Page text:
In the few hours between finding out about losing VASSAL "support" and their rescinding the idea, at least a few posters on CSW were threatening MMP with walking away from pre-orders and closing up their wallets. I admit I was entertaing the same thoughts. Did this flirtation with leaving VASSAL support behind have anything to do with Curt Schilling's newly freed time? Is 38 Studios or Green Monster Games or whatever he's calling it this week doing something with ASL online? All of MMP's products?! Who knows...
I just know this. MMP and wargame companies need VASSAL. Not having a solution to the online issue is ridiculous. Don Greenwood, legendary wargame designer, and head honcho on ASL originally said it best himself, "The Internet saved wargaming." (Listen to his interview on the Point2Point podcast here.)
I'm going to echo Mr. Frederick here but I'm totally on his wavelength... If MMP has an idea in mind that allows them to monetize their IP in VASSAL-like fashion I'm all for it -- just not at the expense of putting an end to all the hard work of their fans who create the VASSAL modules of their games in the meantime. Coming from the world of computer games I've heard the siren song of vaporware more than a few times and the funeral dirges supposedly caused by pirates. As soon as MMP has a workable VASSAL alternative I'd be willing to support it if there was a reasonable cost. I'm sure many of the hobbyists would be more than happy to do so as well.
Monday, March 23, 2009
I had a chat with one of the vendors at TABScon this past weekend. After I was admiring his stock for a few hours he offered me a copy of Valley Games' Titan for $50 tax included. I hemmed and hawed and decided this was too good a deal to miss out on so I grabbed it. The gentleman asked for my help packing his full boxes and carrying them to his car and I happily obliged.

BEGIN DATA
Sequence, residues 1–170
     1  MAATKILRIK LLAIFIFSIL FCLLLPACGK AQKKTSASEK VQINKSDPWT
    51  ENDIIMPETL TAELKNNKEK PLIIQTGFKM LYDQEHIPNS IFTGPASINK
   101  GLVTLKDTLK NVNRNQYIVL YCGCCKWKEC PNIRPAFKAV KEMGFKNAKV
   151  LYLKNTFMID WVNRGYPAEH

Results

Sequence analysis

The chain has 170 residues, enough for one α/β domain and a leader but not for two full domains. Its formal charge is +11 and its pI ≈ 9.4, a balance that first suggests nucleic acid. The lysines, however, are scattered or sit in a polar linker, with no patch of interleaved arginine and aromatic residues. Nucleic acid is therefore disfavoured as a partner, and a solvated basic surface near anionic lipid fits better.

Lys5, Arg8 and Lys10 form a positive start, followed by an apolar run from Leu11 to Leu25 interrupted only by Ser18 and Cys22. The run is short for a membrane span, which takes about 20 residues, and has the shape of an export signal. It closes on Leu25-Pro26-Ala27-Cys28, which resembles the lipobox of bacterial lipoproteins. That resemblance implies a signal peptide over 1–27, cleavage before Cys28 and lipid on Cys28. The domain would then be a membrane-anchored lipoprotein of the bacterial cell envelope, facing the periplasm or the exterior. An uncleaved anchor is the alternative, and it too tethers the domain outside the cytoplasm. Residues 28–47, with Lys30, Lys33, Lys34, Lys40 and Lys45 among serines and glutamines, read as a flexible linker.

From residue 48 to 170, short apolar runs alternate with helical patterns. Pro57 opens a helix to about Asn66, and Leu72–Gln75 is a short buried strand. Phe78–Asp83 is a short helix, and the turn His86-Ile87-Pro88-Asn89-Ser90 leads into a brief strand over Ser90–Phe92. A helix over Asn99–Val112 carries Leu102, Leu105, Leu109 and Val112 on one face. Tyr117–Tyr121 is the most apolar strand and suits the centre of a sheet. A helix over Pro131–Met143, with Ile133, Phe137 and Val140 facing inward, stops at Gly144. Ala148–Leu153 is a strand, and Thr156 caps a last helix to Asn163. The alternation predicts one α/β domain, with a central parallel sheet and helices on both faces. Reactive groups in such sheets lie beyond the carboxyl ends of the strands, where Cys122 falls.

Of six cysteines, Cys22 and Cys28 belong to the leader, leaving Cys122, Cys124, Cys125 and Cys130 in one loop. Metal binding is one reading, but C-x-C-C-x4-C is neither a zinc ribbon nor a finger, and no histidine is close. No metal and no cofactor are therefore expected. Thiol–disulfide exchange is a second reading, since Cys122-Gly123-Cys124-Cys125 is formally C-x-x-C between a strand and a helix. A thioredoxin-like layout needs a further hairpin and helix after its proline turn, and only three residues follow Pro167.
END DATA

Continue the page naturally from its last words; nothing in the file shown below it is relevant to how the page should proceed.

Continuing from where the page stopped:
We chatted things up a bit as we packed and he made a comment about the economy. I asked him how bad business was. Was it down 10%? 20%? 30%? I couldn't conceive of a business surviving a hit as bad a third. He said that last year at this time, he sold literally every copy of every game he got into stock.
This year, he's sold 1 out of 10.
Ninety freakin' percent DOWN!
Luckily this individual was a bit diversified in his income so he wasn't dependent on his boardgaming sideline. But 90%! Jeeeez.
What does this mean for ASL and wargames? I'm not suggesting, as President Bush did a few years ago in the wake of 9/11's depressive effects on the economy, that you to go buy stuff to single-handedly keep the economy afloat. Profligate spending is not the answer (and this is no more true than amongst ASL fanatics); but I think that wiser spending by all involved will keep the hobby healthy.